WHY CARE: Zero Waste

Who knew that your morning takeaway coffee cup can’t actually be recycled because there is a plastic lining in it? What about those straws for cocktails? Or your plastic toothbrush that you have used and invested in a new one every few months since you were young? Nope, that can’t be recycled either.  

When you think about your daily life, do you ever stop to think about how much trash you are creating? Don’t worry, I didn’t either until recently.

As I’m a kiwi that’s just moved to Australia, I thought it would be interesting to see how much waste my new home turf produces each year. Turns out the stats are more shocking than I initially thought.

According to Clean Up Australia, “Australians are the second highest producers of waste, per person, in the world with each of us sending over 690 kilograms of waste to landfill each year (the United States is the highest waste producer)”. With all this waste produced, it’s enough to cover THE ENTIRE STATE OF VICTORIA. 

What’s even more shocking is that a lot of this waste is completely avoidable. All it takes is being a bit more mindful each day about where you buy your products, and what and where you consume.

Some Easy Switches:

  • Change from a plastic toothbrush that cannot be recycled to a bamboo one that decomposes once you throw it out.
  • Buy a reusable coffee cup
  • Buy a reusable stainless steel straw, or simply ask to not have one
  • Use a reusable water bottle, ditch the plastic options here ideally also
  • Take Canvas bags or a bag to the supermarket
  • You know those plastic bags you put your veggies in? Turns out you can get canvas bags for them also, or just avoid using them
  • Buy foods in bulk
  • Switch from using pads and tampons to a silicone menstrual cup
  • Invest in a metal razor. Replacing the blades only cost $3 for 100 so you are saving hundreds here over the course of your lifetime as well as the planet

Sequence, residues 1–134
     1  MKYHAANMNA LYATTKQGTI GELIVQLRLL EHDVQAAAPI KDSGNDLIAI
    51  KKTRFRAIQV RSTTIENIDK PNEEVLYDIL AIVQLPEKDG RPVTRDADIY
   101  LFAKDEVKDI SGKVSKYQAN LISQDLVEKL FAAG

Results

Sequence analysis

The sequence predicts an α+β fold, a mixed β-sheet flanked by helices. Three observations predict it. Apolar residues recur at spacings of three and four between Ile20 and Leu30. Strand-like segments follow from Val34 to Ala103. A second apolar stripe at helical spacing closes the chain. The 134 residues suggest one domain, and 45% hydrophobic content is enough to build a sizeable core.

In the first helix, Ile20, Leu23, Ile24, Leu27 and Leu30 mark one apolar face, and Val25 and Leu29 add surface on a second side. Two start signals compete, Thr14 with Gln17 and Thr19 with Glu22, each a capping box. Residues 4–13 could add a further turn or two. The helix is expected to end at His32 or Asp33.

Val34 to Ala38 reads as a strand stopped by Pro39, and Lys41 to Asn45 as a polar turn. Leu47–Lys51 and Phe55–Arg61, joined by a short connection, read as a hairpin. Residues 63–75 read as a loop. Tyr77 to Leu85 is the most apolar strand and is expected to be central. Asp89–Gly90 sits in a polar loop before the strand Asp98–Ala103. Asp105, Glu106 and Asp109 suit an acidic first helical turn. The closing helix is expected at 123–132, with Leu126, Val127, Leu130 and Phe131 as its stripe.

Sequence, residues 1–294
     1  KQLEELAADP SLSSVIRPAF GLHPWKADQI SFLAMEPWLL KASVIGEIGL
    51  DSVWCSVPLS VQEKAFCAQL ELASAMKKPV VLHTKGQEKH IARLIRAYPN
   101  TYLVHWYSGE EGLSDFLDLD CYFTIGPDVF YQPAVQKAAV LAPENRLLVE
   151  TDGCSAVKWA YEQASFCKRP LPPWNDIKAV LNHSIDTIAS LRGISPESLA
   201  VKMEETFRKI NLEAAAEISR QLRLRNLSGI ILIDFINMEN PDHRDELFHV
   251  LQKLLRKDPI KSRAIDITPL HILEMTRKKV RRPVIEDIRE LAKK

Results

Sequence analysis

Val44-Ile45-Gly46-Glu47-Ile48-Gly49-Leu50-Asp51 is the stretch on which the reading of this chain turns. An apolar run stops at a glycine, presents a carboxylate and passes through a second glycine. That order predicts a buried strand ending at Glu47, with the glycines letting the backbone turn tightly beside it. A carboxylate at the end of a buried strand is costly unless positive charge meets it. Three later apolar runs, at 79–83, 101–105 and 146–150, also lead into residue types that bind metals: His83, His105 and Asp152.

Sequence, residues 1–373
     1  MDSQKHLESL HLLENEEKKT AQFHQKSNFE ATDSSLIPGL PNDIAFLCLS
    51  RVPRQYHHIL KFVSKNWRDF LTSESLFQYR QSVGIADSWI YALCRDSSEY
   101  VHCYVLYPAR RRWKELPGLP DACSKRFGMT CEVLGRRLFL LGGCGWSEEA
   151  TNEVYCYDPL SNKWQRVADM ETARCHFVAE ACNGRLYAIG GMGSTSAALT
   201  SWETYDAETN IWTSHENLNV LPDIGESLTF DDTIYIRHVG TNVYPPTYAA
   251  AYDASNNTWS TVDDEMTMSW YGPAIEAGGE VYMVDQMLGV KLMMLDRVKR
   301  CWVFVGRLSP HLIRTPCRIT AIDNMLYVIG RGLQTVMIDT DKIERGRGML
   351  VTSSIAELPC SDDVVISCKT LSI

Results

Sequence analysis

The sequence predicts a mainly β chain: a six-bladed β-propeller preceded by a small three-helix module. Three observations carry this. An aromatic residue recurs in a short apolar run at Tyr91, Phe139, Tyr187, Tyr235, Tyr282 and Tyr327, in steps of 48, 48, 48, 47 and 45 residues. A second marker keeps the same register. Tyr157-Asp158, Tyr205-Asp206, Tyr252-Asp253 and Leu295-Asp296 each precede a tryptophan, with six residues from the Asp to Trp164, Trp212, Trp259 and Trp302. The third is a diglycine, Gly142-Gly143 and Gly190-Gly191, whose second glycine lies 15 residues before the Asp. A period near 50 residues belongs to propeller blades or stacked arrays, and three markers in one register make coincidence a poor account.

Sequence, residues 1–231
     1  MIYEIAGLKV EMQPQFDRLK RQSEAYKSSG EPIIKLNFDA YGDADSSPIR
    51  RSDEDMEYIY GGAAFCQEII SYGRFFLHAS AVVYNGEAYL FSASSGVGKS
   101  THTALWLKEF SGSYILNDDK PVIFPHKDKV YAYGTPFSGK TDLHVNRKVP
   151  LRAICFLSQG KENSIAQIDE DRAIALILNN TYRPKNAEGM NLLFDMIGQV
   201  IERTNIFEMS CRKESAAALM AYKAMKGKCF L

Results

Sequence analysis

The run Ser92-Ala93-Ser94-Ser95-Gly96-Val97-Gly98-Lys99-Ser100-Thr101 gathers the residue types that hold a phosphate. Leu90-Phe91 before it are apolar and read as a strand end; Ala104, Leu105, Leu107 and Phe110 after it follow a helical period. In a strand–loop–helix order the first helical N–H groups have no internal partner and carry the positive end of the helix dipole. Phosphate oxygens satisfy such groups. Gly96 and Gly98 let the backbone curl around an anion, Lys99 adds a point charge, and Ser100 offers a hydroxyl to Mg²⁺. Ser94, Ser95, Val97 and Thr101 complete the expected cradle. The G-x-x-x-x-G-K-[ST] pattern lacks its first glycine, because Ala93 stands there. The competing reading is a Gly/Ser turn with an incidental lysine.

I’m sure Lauren Singer from Trash is for Tossers has come up on your Youtube suggested feed at some point in your life for the simple fact that four years of her waste fits into a Mason Jar. I’ve attached the video for you to take a look and see that living a zero waste lifestyle, although it may be hard, is completely possible.

I have some interviews lined up with some absolutely epic humans in the next coming weeks to speak more about zero waste, why it’s important and how to make the move towards a more eco-friendly lifestyle.
I hope you enjoy learning about this movement as much as I do.


  1. Sustainably Simple

    So interesting! I think we unconsciously throw so much away but if we all made a conscious decision to reduce/ reuse/ recycle then it would make such a huge difference – I really believe that consumers have so much power – they just don’t realise it!


  2. savingsarahgrace

    Love this! I haven’t been brave enough to flip my entire life and go trashless [ although I think I live a pretty green lifestyle ] and have been noticing lately how much plastic is just in my bathroom – the toothpaste, the shampoo / conditioner / lotion / etc, toilet paper packaging, it’s just gross. When I’ve looked into trying to make some of my own products, so I can keep them in jars instead, I’ve been turned off by how many of the ingredients come in plastic. I know some of the plastic is recyclable, but I’d much rather just not buy it in the first place. Have you found any tips for avoiding it in the bathroom?


  3. Anneke

    Recently I attended a sustainable living day in my community which involved attending workshops of interest. I attended two workshops, namely where does our waste go and a second on worm farming. I have a worm farm so was keen to learn something new to add to an already successful project. The presenter for the worm farm workshop was passionate about life in general and made the comment that we throw away so much because we have bins. His travels around India revealed that people just throw their waste around them whereas in our culture we “bin it”. Now, would we have so much waste if we couldn’t just bin it? I believe not. It made me think. Why do we have bins that are not transparent? Why is waste a secret?
    I believe change comes from small things which lead to big results. Would one change be to have transparent bins? Less regular waste collection?


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